Salary transparency can help to retain top talent

April 21, 2022

We live in an information age, in which colleagues share more of their personal selves in the workplace. Today’s employees want full transparency on all levels. Gone are the days when it was taboo to discuss money, wages, bonuses and pay with your colleagues. However, this cultural shift—in addition to various federal and state laws that protect discussion and disclosure of salary information—has confused some employers.

Compensation is not just the salary or take-home amount an individual brings home each week. Compensation includes salary, bonuses, profit sharing and retirement benefits, medical benefits, and paid time off. An employer should understand the law around the topic of pay, including the following:

The National Labor Relations Act. Salary and wages are working conditions under the National Labor Relations Act, so employees are free to discuss them with each other—and confidentiality provisions or agreements regarding this topic may not be enforceable. Worse yet, trying to enforce these provisions and agreements could land an employer in trouble with the National Labor Relations Board, which enforces the NLRA.

Salary history bans. Employers in various major markets around the country are prohibited from inquiring about a potential employee’s previous salary. This means that when interviewing potential candidates—and during the hiring process—employees should not be asked to disclose prior salary. Some states that restrict inquiries into prior pay include: California, Colorado, Connecticut, Illinois, New Jersey, New York and Vermont. These laws have been put in place to help combat the fact that women and minorities historically have been paid less than men for the same or similar work.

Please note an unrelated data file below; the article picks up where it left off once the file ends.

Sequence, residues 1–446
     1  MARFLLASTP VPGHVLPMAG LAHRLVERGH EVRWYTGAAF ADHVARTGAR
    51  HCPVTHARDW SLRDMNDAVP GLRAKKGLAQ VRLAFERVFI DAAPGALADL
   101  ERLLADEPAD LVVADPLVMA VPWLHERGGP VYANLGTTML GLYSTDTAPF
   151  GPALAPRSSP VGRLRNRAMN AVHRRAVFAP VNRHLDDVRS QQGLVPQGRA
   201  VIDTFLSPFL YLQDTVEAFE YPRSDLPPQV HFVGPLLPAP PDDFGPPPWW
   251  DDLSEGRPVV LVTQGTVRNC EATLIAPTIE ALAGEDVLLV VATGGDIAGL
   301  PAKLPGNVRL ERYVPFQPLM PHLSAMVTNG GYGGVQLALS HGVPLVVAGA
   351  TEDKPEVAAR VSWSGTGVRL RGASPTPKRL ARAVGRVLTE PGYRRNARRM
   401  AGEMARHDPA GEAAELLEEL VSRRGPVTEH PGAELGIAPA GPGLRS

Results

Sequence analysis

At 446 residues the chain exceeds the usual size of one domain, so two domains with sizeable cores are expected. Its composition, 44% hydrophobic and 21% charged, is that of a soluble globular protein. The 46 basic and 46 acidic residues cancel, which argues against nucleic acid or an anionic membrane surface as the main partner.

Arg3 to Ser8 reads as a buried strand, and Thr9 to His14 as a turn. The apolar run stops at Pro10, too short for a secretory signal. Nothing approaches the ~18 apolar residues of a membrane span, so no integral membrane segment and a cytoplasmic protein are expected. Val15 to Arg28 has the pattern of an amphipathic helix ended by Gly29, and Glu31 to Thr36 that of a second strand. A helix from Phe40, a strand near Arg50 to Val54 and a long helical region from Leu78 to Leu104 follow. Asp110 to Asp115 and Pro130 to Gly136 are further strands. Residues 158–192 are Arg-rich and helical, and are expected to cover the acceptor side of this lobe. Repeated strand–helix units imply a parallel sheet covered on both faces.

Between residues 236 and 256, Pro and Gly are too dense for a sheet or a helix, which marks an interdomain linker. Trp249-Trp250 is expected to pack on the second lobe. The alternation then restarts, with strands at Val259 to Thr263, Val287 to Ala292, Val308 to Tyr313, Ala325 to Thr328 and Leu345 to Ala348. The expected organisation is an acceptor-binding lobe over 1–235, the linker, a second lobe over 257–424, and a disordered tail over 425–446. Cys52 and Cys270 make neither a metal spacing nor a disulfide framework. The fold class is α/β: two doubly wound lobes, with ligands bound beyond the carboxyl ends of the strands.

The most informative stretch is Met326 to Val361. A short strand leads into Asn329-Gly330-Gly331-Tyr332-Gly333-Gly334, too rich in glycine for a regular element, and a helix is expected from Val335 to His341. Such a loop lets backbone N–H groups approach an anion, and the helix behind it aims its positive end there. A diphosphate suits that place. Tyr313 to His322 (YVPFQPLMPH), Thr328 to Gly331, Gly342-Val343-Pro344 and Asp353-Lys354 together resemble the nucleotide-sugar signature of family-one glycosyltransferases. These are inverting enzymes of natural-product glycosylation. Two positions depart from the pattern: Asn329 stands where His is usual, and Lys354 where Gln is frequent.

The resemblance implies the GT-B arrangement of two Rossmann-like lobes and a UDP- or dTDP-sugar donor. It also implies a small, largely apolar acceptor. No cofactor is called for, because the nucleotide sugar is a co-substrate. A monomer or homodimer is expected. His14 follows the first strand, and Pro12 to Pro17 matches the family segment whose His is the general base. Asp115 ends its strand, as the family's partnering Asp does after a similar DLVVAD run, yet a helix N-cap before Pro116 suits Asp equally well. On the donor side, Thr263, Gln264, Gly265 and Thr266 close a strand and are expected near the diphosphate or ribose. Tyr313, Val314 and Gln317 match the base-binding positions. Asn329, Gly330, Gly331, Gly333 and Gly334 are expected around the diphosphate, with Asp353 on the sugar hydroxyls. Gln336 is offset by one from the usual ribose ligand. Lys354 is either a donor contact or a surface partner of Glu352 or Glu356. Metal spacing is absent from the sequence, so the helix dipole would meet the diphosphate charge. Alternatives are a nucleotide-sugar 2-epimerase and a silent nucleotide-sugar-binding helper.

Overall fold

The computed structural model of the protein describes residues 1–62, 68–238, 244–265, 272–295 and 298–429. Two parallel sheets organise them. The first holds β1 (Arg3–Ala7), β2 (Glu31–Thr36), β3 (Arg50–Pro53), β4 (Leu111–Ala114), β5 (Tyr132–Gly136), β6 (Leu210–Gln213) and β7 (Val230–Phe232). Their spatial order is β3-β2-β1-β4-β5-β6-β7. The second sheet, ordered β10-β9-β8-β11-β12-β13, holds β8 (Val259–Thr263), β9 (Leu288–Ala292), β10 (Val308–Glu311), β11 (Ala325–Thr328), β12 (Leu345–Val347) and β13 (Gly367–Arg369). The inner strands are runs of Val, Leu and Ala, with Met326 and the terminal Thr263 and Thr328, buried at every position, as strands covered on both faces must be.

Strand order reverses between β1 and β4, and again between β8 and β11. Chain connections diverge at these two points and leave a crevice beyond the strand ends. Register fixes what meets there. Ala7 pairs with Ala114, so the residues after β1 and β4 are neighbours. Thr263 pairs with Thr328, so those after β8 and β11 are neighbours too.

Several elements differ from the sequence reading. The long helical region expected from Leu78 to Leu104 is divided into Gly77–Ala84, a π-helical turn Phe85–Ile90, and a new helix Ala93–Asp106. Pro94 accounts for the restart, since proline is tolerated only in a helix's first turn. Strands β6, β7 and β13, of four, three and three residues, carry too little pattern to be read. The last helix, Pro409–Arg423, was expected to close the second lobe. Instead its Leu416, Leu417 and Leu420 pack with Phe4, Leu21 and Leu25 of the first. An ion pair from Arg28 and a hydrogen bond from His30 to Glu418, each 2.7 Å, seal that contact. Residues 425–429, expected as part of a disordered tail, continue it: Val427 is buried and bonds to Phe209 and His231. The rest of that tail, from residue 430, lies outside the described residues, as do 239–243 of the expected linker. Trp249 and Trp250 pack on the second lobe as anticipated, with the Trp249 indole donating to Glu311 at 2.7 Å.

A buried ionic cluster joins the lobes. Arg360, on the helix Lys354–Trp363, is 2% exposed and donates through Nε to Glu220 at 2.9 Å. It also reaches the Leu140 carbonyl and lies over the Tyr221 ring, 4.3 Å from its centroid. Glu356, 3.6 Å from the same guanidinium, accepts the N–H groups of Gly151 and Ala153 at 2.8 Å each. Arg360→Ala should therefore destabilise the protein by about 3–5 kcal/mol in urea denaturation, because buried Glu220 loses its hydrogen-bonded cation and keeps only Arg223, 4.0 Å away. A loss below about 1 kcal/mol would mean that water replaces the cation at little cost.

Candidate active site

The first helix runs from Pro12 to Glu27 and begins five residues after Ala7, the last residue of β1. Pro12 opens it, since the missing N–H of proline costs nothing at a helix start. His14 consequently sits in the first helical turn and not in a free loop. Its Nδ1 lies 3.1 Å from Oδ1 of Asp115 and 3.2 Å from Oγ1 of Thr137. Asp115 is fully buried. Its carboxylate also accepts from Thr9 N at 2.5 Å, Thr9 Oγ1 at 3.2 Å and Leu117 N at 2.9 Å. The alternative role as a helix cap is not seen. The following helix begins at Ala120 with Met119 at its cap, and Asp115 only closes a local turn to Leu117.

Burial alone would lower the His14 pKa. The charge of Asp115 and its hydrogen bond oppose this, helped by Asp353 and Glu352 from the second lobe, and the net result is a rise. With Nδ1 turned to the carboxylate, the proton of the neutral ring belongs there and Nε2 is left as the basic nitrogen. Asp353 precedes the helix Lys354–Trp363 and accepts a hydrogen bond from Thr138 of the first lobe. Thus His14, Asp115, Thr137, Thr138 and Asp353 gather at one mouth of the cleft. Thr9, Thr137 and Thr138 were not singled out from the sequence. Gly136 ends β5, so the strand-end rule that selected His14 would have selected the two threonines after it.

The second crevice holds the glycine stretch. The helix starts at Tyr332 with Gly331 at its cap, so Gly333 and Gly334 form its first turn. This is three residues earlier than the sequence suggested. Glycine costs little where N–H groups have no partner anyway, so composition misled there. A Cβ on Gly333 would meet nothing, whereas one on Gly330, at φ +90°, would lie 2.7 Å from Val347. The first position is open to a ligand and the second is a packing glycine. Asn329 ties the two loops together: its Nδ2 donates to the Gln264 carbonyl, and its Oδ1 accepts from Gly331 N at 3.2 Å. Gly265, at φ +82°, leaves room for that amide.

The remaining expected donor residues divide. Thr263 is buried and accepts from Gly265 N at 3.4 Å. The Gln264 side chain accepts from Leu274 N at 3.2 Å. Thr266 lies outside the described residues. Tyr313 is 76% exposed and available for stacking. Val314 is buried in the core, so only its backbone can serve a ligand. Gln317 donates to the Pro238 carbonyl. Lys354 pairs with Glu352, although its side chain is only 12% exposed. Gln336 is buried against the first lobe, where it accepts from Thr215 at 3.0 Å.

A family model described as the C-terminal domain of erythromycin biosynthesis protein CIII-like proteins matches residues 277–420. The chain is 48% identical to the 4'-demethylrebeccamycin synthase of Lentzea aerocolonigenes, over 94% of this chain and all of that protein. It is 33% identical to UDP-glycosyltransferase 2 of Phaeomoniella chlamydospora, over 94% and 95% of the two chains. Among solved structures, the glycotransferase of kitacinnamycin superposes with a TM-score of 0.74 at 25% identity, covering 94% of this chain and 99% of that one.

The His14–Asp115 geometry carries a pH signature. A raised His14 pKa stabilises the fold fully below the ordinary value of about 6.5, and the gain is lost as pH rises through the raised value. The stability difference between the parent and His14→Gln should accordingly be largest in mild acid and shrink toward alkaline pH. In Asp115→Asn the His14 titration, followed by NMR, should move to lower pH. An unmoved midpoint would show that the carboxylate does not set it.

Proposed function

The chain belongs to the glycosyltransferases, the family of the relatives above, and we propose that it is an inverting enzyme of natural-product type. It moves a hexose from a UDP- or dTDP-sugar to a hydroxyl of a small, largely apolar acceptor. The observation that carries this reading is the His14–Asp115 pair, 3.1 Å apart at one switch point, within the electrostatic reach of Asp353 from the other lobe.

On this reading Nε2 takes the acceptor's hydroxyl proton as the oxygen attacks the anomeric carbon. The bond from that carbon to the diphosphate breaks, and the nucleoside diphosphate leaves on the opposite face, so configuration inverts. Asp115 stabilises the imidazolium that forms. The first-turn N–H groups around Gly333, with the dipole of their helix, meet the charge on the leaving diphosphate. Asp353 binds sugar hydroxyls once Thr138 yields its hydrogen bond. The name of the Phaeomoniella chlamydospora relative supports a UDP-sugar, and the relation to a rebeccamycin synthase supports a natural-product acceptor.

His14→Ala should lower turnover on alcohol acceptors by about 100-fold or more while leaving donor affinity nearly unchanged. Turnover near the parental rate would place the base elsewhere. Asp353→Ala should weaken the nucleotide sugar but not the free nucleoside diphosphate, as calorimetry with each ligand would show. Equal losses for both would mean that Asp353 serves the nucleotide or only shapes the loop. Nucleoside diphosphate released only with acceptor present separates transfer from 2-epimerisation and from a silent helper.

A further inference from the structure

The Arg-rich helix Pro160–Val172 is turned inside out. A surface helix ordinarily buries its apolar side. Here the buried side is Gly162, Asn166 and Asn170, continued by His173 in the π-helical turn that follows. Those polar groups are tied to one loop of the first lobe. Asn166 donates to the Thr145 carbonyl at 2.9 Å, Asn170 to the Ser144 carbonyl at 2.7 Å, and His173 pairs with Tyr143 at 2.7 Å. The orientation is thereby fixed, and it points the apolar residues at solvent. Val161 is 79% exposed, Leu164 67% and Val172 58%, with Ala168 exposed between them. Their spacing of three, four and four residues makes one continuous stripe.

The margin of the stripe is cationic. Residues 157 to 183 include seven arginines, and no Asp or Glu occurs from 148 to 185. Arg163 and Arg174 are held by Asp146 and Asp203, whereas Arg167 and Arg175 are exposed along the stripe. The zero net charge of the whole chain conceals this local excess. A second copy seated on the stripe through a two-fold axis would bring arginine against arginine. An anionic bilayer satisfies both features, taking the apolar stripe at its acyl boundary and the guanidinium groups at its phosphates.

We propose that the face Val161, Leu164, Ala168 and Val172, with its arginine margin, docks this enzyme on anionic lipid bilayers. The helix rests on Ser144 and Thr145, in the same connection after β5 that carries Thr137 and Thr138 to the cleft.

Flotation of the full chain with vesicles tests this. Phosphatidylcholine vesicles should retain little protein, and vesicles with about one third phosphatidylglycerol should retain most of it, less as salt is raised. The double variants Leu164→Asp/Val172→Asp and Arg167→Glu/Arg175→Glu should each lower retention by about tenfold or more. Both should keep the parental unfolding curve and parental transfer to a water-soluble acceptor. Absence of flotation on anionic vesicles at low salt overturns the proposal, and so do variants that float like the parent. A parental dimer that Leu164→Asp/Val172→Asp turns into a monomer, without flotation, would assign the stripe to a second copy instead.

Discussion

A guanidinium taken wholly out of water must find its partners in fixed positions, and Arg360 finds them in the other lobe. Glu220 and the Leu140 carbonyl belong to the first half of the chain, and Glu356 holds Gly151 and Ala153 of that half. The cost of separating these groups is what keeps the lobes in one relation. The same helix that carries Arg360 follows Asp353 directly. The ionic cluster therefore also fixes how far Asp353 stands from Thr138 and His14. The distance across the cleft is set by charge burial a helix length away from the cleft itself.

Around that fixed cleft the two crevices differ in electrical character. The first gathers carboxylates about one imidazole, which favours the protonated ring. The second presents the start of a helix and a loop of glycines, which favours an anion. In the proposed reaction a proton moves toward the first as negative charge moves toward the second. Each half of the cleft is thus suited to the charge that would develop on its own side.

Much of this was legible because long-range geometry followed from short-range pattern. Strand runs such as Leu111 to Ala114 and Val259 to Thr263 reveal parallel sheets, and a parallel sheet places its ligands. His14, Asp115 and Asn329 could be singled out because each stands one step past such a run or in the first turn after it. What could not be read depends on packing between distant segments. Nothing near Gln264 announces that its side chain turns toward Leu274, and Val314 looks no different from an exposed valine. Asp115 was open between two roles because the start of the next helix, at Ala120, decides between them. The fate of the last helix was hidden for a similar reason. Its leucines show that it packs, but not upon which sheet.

The Equal Pay Act. The Equal Pay Act is an amendment to the Fair Labor Standards Act. Companies covered by the FLSA also are covered by the EPA. The law requires that employees be paid equal wages regardless of gender. Several states also have enacted their own broader laws that apply to those employees working in their states. To comply with the EPA, it is important that employers have clear job descriptions for each role within the company and that they have business need-based reasoned compensation for each position within the company. These pay differentials can be based in various business reasons such as seniority basis, merit basis, quantity or quality of production basis, or any factor other than sex. It is the responsibility of the employer to show that the reason for a pay differential is business and not gender based.

Often, this is called salary banding. The Equal Pay Act, and state equivalents, require that employees be paid equal wages for equal work. Therefore, it is a good practice for companies to review their salary bands at least once a year.

Employees are making comparisons